Sexual Violence and STEM disciplines on Canadian university campuses.

This blog post was shared with SASC Ottawa with the intentions of publishing on our website. We were given permission by the author to repost this information without disclosing personal information, but rather with the intent of educating the broader community about the nuances of sexual violence  on campuses and within the STEM field.

For graduate students in STEM, the power that supervisors hold over our lives is tremendous. In addition to financial support, supervisors control access to equipment that is necessary for our research, provide references that affects our career trajectories, and are often the only ones at the university that can provide any technical expertise on our research. Reporting sexual violence committed by a supervisor, committee member, member of the faculty or research staff is not worth the financial, research or career costs. Universities provide more protections to undergraduate student and tenured faculty/research staff than they do to graduate students, especially in STEM. Furthermore, cutting off ties with a research supervisor/collaborator, even another faculty member can result in reduction/removal of research funding and living stipends, delay the completion of a thesis, prevent publication of thesis research (which is the most important measure for hiring in STEM) and restrict access to future research collaborations and funding, especially if the perpetrator is a prominent and influential researcher. In most cases, tenured faculty/prominent campusesresearchers that perpetrate sexual violence towards others never face consequences in their home institutions, even if they are found guilty of sexual harassment, violence and misconduct.Sexual harassment must not be kept under wraps  Here is an example of the costs of reporting sexual violence in STEM and the dismal outcomes.Gender discrimination in physics and astronomy: Graduate student experiences of sexism and gender microaggressions Here,  Retention Study on Work and Life Balance here, and Sexual Harassment and Discrimination Experiences of Academic Medical Faculty here are studies which show the extent of the problem in different STEM sub-disciplines.

The situation doesn’t get any better for female tenured faculty. Even if female researchers make it through the rampant sexism (overt and covert) to become tenured faculty, they continue to be left out of important administrative meetings and career advancing opportunities. One horrifying example of this was the presence of a “d*ck” club at a STEM department in a major Canadian university where male professors met for years to help refine research ideas, peer review major grant applications and form collaborations, explicitly excluding female faculty (in late 2000s!!!!). In fact, neither the female faculty nor the department administration knew about the existence of this club until a female faculty accidentally stumbled upon it. Many female tenured faculty that I know have talked about leaving their home departments and institutions because of sexism, harassment and sexual violence. Hope Jahren, a tenured geochemist and geobiologist writes about her experiences with sexual harassment/violence in STEM  here and here.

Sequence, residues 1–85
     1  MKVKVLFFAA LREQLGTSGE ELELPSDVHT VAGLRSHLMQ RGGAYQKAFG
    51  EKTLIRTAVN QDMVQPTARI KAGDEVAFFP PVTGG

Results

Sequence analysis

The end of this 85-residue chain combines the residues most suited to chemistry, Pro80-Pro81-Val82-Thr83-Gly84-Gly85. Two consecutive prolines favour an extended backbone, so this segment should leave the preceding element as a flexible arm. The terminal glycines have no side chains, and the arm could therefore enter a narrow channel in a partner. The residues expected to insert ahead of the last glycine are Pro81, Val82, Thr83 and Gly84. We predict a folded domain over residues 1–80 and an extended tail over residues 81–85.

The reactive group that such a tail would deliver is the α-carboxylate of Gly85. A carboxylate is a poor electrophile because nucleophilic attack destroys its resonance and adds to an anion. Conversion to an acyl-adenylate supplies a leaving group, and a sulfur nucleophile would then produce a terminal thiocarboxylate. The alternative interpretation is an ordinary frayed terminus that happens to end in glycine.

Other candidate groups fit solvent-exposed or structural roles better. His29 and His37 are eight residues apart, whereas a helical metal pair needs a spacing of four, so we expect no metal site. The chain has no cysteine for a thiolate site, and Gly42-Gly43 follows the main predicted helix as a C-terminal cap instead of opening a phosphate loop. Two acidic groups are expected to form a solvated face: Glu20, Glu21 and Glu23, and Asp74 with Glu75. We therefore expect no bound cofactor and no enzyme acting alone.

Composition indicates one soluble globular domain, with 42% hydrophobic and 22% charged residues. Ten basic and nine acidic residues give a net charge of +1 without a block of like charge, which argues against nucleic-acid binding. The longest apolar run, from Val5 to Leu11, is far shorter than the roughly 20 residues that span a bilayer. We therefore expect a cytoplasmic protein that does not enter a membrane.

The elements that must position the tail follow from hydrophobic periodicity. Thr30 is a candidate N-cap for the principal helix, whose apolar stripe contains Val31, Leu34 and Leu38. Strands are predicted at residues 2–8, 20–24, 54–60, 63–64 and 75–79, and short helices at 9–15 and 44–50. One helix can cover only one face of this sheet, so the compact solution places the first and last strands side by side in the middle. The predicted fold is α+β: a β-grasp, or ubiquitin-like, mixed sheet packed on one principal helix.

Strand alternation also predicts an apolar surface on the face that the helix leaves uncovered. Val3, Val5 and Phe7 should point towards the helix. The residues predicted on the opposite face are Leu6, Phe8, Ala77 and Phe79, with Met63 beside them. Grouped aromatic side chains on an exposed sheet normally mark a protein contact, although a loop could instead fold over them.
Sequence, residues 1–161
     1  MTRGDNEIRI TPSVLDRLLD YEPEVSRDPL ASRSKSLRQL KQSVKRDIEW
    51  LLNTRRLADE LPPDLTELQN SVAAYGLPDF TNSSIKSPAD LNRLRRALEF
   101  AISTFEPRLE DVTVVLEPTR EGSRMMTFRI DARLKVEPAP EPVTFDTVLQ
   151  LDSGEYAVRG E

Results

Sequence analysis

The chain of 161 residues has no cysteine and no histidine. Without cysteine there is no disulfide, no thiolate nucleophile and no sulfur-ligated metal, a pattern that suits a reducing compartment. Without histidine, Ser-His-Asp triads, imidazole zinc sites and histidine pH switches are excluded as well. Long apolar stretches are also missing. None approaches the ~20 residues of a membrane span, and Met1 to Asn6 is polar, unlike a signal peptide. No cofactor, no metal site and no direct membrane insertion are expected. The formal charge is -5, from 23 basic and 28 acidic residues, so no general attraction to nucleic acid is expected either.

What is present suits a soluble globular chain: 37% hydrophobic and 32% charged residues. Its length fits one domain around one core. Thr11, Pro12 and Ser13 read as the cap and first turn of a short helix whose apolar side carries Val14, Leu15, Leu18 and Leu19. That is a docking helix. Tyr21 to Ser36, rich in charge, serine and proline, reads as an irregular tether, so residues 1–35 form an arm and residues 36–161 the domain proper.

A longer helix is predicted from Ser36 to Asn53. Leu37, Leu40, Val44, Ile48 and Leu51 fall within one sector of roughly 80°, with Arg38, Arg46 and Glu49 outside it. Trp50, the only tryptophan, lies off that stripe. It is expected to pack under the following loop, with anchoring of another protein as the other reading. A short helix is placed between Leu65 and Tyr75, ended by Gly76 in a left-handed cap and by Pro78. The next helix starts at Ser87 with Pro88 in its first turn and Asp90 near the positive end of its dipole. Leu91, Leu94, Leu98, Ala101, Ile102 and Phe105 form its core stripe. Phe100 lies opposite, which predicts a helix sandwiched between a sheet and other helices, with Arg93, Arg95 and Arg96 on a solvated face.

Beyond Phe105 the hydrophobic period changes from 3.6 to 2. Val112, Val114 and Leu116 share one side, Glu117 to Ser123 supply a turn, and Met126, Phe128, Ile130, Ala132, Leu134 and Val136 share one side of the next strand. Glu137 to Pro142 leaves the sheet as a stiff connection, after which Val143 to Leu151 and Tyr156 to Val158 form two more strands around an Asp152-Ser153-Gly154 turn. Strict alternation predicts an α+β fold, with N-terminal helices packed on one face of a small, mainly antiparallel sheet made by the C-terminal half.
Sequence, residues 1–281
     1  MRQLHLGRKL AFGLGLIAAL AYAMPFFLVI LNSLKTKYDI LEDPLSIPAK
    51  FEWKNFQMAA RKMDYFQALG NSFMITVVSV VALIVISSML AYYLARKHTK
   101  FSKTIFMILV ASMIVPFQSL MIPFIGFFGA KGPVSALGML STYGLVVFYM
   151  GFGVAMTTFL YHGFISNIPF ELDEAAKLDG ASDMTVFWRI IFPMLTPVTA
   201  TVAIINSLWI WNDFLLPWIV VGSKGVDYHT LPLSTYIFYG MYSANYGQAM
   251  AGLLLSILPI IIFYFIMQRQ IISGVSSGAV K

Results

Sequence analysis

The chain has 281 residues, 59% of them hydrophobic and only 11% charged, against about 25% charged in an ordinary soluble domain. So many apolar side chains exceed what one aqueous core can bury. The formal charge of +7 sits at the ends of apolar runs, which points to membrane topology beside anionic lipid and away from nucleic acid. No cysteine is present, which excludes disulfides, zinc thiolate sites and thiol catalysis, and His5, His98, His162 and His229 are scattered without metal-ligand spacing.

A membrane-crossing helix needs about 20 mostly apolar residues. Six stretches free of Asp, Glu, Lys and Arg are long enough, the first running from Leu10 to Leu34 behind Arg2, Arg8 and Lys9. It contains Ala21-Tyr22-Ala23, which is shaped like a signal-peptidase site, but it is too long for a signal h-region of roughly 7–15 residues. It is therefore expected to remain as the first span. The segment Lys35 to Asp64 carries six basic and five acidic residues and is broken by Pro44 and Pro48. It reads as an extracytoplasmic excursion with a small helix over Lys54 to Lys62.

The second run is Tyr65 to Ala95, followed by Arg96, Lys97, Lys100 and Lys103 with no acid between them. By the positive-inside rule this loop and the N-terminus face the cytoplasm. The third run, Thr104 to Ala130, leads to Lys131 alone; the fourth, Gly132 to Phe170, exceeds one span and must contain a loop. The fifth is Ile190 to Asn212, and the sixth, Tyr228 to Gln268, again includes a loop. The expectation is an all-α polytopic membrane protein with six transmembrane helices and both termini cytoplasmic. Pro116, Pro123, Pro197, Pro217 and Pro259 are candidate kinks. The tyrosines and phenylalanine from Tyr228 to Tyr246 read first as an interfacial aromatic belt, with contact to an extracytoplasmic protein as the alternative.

One specific way in which Canadian universities are failing their STEM students and researchers is by having a lack of awareness, training and policy in dealing with sexual violence at off-campus field sites. In many STEM sub-disciplines, researchers will spend days, weeks and months at remote/isolated off-campus locations, often in international locations or places where there are no local populations (i.e. high Arctic/Antarctic/middle of forests) or interactions with local populations are limited (research field stations). At my home university, we have to identify, prevent and be trained in multi-day training workshops to deal with accidents and physical injuries during field work. However, there is no equivalent training  for identifying and preventing sexual violence at field sites. A recent survey of 666 field scientists of their experiences with sexual violence at field sites found 63% of women and 39% of men reported receiving inappropriate sexual comments and 26% of women and 6% of men reported experiencing sexual assaults. 50% of sexual harassment and assault were committed by superiors in the hierarchy, with women more likely to experience sexual violence from their superiors and men more likely to experience sexual violence from their peers. Sexual violence at field sites is especially problematic because the isolation means that the victim cannot escape their perpetrator after experiencing sexual violence. Reporting sexual violence without finishing an experiment or collecting the data required can result in at best, delaying thesis or research completion by many years, to loss of reputation and credibility (especially if the perpetrator is a tenured faculty member/well known research scientist/ field site administrator) which can destroy the victim’s career (one that they may have worked towards for decades). Additionally, if field research is being conducted in a different country, sexual violence may not be defined, recognized or prosecuted legally in a similar way as in Canada. It would be great if a provincial or national policy requiring universities to protect their students against sexual violence also extended this responsibility to off campus sites as well (with severe financial penalties for institutions that fail to do so). At the very least, training such as bystander prevention and Enhanced Assess, Acknowledge, Act (EAAA )should be mandatory for everyone conducting field research just like first aid and physical safety training currently is implemented.